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California, Love It and Leave It
Why I left the Golden State
This piece originally appeared in the Wall Street Journal
I love California, but I had to leave. I grew up in Fremont, attended Stanford, and have spent most of my adult life in the San Francisco Bay Area, founding technology companies like Palantir and Addepar and investing in many others. In 2011 I founded 8VC, a venture-capital firm that today manages more than $3.6 billion in committed capital. Few top venture capitalists consider living anywhere other than California and a handful of global financial centers, but I am moving myself and dozens of my 8VC colleagues to a new land of opportunity: Texas.
The harsh truth is that California has fallen into disrepair. Bad policies discourage business and innovation, stifle opportunity and make life in major cities ugly and unpleasant.
Forty years ago my parents came to California because you could accomplish anything in the Golden State. Government policy facilitated the entrepreneurial spirit. Dreamers and doers could thrive. The burst of activity in tech, finance, medicine, energy and many other industries lasted for decades. But now a state like Texas provides these opportunities without the problems and baggage California has accumulated. Let me mention a few personal examples:
• Public safety. Ill-conceived criminal-justice reforms and radical district attorneys are taking a toll on urban life. Three of my colleagues’ wives have been harassed and chased by derelicts in San Francisco’s streets, which are littered with needles and human waste. My wife is afraid to walk around the city with our young daughters. Police often don’t even respond to harassment and property crime, which has surged; San Francisco’s property-crime rate is now the nation’s highest.
• Electricity. The wildfire smoke that has blanketed California cities is one thing. But power outages, which left us stressed about spoiling breast milk for our daughter, are the direct result of California government incompetence. Last year the state had 25,000 blackouts, and this year has been even worse. The electricity turns on and off, as in Third World countries. Meanwhile, Texas has its own energy grid, with a plentiful and diverse supply. It’s nice to turn on the lights whenever we want.
• Responsiveness. In the early days of the pandemic in March, 8VC entreated the mayor of San Francisco and city staff to clarify rules to allow our critical employees to work on accelerating Covid-19 testing and the development of therapeutics. The city didn’t deign to respond. Government officials in Texas, by contrast, care about business. They return calls.
• Housing. California’s restrictive zoning laws make it nearly impossible for many essential low- and middle-income workers to live anywhere near major cities. In Texas, permissive zoning allows every member of our staff to live close to work and spend time with friends and family instead of enduring grueling commutes.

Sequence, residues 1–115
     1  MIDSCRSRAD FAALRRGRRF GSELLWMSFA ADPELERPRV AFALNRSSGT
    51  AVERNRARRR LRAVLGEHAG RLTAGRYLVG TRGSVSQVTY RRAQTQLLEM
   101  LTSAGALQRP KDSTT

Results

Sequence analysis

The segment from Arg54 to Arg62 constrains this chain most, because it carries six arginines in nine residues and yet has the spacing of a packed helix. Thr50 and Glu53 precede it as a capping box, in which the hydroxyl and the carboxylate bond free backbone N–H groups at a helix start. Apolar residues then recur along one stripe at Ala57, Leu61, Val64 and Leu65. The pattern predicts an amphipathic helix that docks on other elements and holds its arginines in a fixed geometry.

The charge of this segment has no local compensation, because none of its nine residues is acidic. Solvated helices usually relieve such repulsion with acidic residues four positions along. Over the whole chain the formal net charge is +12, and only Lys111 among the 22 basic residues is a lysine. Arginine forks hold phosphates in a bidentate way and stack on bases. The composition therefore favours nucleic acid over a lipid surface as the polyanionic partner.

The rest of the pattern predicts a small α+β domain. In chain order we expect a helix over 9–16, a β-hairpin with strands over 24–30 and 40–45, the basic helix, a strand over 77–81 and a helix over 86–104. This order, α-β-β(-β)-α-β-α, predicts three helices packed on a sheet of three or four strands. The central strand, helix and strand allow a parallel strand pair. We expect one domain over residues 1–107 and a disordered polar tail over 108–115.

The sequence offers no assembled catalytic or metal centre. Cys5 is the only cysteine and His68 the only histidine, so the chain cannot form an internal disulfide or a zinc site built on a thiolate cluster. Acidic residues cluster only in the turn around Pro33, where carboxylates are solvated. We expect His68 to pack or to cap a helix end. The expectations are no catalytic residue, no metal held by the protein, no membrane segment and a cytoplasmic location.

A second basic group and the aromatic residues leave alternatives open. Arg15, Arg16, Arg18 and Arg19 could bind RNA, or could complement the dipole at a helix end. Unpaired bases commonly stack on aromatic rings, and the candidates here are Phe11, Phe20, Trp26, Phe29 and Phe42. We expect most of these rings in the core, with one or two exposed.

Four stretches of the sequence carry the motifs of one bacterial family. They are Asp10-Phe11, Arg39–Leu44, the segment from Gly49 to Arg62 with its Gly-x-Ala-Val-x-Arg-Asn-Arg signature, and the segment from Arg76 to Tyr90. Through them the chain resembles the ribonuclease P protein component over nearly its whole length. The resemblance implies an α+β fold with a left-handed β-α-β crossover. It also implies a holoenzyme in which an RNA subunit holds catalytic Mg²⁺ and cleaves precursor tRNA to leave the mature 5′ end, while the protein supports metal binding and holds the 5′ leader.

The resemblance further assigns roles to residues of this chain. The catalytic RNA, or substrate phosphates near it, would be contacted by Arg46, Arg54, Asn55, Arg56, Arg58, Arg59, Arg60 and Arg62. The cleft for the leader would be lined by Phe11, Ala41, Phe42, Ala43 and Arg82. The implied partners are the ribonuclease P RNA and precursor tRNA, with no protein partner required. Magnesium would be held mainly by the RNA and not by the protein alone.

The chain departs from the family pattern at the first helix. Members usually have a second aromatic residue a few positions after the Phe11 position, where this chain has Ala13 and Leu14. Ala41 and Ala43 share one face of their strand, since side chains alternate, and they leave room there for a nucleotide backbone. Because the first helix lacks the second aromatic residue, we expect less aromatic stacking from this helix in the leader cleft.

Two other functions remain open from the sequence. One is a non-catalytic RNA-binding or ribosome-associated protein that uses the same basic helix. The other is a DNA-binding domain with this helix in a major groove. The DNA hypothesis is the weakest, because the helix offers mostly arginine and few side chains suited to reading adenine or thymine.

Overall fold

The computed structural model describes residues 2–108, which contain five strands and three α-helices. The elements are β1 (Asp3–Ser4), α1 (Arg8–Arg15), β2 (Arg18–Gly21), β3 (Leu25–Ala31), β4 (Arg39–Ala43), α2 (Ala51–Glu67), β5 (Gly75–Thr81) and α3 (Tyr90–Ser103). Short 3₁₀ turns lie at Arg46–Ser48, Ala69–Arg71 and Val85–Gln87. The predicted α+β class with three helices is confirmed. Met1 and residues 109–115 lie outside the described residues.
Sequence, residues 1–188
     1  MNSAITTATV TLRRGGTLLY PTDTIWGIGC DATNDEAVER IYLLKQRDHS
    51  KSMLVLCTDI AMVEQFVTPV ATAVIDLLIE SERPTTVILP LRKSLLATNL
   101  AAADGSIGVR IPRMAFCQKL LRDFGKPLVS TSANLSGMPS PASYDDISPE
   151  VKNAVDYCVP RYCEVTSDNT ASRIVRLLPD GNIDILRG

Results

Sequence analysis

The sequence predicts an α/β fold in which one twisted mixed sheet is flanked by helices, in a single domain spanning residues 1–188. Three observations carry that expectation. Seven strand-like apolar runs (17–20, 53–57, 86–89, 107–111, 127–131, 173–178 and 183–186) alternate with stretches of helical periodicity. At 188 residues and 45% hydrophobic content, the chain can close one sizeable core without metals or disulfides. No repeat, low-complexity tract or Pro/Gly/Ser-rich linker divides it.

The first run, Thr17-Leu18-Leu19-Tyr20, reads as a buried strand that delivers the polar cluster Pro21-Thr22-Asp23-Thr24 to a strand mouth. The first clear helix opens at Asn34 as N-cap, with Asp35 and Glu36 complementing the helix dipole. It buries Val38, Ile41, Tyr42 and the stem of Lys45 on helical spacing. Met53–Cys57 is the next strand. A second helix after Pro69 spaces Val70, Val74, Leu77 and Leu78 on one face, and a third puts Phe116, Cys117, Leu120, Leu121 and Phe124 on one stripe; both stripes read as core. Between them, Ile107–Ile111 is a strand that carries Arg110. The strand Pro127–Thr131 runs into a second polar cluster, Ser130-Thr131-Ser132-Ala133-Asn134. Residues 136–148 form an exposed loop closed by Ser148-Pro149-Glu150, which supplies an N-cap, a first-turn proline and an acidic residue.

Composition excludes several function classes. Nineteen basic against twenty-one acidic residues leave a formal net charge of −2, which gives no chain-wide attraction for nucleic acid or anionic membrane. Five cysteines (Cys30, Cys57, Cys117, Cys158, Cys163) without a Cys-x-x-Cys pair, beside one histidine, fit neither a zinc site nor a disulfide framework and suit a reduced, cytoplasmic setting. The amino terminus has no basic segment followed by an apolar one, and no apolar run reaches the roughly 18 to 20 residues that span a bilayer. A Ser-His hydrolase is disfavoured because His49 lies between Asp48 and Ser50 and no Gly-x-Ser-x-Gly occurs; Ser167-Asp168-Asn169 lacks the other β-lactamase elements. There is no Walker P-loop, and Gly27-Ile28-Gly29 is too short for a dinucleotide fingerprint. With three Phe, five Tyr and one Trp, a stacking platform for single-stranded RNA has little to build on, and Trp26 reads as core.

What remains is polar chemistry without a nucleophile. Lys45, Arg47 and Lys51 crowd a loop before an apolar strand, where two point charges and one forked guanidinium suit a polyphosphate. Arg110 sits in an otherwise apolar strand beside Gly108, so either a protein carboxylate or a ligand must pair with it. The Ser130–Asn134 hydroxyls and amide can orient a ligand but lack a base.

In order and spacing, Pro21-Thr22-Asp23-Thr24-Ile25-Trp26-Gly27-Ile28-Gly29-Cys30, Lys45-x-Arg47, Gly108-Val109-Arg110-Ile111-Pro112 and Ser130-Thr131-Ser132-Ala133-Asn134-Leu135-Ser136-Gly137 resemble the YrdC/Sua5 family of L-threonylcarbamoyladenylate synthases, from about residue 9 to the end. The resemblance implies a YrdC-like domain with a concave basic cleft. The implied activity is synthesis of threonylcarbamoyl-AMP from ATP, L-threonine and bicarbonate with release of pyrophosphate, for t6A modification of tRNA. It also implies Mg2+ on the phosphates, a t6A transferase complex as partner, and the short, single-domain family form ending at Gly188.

That’s not all. The California government is beholden to public-employee unions and spending is out of control. A broken environmental review process means it takes a decade of paying lawyers to build anything. Legislation makes it impossible for businesses to hire contractors without an exemption—granted by friends in the legislature, as with the music industry, or won by spending hundreds of millions on a referendum, as gig-economy companies with drivers just did. This isn’t how business is done in developed countries.
Politics in the state is in many ways closed off to different ideas. We grew weary of California’s intolerant far left, which would rather demonize opponents than discuss honest differences of opinion.
I will continue investing in Silicon Valley startups and fighting to help the state. I’m optimistic that over the long run, California can return to the values that once made it the dynamic center of global technology entrepreneurship. But until priorities change, the state will keep losing its top builders and creators.
In 2000 or 2010, it made sense to build in San Francisco. That’s where all the talent was, but not anymore. Except for a few concentrated parts of advanced biotech and software infrastructure technology, talented people are building top technology firms all over the country. This disaggregation of talent will spread prosperity across the U.S. Some of my most prolific entrepreneurial friends from California have moved with us here to Texas. Others have left for Miami, Nashville, Las Vegas and other great American cities. Six of our portfolio companies are already based in Austin and employ hundreds of people.
Our investments follow the talent. We’re betting that the future of America is going to be built in the middle of the country, in places with good government and a reasonable cost of living. In other words, places like Texas.
My firm has a motto: “The world is broken, let’s fix it.” We invest in technologies and people who will transform major industries and improve the lives of millions. It’s tragic that California is no longer hospitable to that mission, but beautiful that Texas is. Our job as entrepreneurs and investors is to build the future, and I know of no better place to do so than Texas.